Meningococcal Disease in Other Countries
Meningococcal disease occurs worldwide, with the highest incidence of disease found in the ‘meningitis belt’ of sub-Saharan Africa. In this region, major epidemics occur every 5 to 12 years with attack rates reaching 1,000 cases per 100,000 population. Other regions of the world experience lower overall rates of disease and occasional outbreaks. Annual attack rates in these regions averages around 0.3 to 3 per 100,000 population.
In the meningitis belt, serogroup A historically accounted for 90% of meningococcal disease cases and the majority of large-scale epidemics. Starting in 2010, meningitis belt countries began implementing mass vaccination campaigns for a monovalent serogroup A meningococcal conjugate vaccine (MenAfriVac®). Held in 22 of the 26 target countries as of December 2018, these campaigns vaccinated 1 through 29 year olds. In addition, 8 countries introduced the vaccine into the routine childhood immunization program. Following vaccine introduction, epidemics due to serogroup A have been eliminated pdf icon[8 pages]external icon in vaccination areas. Recent epidemics have been primarily due to serogroups C and W. Serogroup X outbreaks have also been previously reported in this region. Risk factors for meningococcal disease outbreaks in Africa are not fully understood. However, the following regional characteristics create favorable conditions for meningococcal disease epidemics:
- Dry and dusty conditions during the dry season between December to June
- Immunological susceptibility of the population
- Travel and large population displacements
- Crowded living conditions.
In Europe, the Americas, and Australia, serogroups B, C, and Y together account for a large majority of cases. However, public health officials have observed increasing numbers of serogroup W in some areas. In temperate regions, the number of cases increases in winter and spring. The annual Hajj pilgrimage has also been associated with outbreaks of meningococcal disease due to serogroups A and W.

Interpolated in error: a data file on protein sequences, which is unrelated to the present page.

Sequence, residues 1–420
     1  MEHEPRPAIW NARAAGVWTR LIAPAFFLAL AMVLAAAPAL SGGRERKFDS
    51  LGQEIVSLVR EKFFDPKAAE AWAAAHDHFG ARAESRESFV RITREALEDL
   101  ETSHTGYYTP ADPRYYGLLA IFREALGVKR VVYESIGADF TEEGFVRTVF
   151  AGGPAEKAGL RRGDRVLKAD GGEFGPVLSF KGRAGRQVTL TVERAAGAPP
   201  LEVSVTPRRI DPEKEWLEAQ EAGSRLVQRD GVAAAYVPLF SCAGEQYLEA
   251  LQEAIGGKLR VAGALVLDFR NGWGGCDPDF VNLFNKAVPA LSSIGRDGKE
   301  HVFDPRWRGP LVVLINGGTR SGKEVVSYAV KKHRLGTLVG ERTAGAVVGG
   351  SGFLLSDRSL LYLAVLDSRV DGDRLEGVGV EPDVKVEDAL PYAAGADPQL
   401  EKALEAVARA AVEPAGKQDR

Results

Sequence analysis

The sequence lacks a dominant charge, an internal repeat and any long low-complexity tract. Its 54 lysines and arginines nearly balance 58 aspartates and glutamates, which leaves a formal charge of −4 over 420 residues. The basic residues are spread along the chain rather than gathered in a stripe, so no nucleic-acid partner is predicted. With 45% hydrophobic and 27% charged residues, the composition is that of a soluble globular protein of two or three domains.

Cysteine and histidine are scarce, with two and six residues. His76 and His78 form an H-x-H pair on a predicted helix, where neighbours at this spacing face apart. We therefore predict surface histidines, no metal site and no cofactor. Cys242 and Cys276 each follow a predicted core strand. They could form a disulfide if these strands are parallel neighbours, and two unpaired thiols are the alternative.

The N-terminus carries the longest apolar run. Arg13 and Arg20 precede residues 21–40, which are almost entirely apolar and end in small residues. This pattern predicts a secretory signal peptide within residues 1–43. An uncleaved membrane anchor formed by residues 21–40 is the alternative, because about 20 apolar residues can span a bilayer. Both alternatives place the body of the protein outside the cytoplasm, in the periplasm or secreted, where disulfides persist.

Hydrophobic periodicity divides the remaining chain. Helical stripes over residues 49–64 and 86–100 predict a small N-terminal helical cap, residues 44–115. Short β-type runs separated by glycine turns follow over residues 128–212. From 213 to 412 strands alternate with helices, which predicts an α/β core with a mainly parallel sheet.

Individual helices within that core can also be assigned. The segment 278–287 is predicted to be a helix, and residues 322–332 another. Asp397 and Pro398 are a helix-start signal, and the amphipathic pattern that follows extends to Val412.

CDC leads an international consortium called MenAfriNet in collaboration with
- World Health Organization
- Agence Médecine Préventive
- African ministries of health
- Other partners
This consortium works to strengthen meningitis surveillance in sub-Saharan Africa. The primary goal is to evaluate the impact of MenAfriVac® on the incidence of meningococcal disease due to serogroup A. The consortium also monitors the emergence of disease and epidemics due to other serogroups. Learn more about MenAfriNetexternal icon.
Photo of the MenAfriVac™ vaccine in Burkina Faso.
Epidemics of meningococcal meningitis in Africa can affect hundreds of thousands of people and kill many thousands. CDC contributed to development of an inexpensive vaccine. CDC is now working with partners to ensure it is used where needed most and evaluated for effectivene…more
- CDC’s Integrated Disease Surveillance and Response (IDSR)
IDSR strategy aims to improve the availability and use of surveillance and laboratory data
- CDC Traveler’s Health: Meningococcal Disease
Meningococcal recommendations for travelers
- MenAfriNetexternal icon
A network of international partners supporting quality meningitis data for Africa to evaluate the impact of MenAfriVac™
- Meningococcal Vaccine Project (MVP)external icon
A partnership between the World Health Organization and the Program for Appropriate Technology in Health with a goal to eliminate epidemic meningococcal as a public health problem in Sub-Saharan Africa
- Pediatric Bacterial Meningitis Surveillance Network—African Region, 2002 – 2008
- Meningococcal Outbreaksexternal icon
World Health Organization’s archived list of meningococcal outbreaks